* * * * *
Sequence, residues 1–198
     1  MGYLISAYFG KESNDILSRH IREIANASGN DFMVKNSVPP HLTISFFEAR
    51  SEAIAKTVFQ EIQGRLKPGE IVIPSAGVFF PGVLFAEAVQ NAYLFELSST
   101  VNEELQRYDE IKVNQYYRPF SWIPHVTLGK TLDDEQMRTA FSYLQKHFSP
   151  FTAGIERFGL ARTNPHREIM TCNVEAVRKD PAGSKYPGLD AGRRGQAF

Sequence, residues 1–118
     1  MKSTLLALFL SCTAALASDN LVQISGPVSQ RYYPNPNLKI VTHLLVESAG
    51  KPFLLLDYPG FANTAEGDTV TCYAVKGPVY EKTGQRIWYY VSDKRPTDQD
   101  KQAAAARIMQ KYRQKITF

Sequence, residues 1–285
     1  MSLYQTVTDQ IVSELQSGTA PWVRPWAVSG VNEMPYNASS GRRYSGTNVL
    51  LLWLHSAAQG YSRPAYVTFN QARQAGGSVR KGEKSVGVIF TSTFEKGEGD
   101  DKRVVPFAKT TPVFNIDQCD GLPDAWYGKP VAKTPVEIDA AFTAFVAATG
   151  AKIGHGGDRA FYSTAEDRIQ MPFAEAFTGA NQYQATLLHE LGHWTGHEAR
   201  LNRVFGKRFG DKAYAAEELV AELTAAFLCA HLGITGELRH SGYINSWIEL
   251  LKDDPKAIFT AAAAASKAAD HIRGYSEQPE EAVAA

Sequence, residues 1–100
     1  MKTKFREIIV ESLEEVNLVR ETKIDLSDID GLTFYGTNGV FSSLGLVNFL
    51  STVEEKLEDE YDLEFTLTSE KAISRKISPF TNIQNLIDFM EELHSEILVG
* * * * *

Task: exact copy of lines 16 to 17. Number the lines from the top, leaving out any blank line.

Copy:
   251  LKDDPKAIFT AAAAASKAAD HIRGYSEQPE EAVAA

Sequence, residues 1–100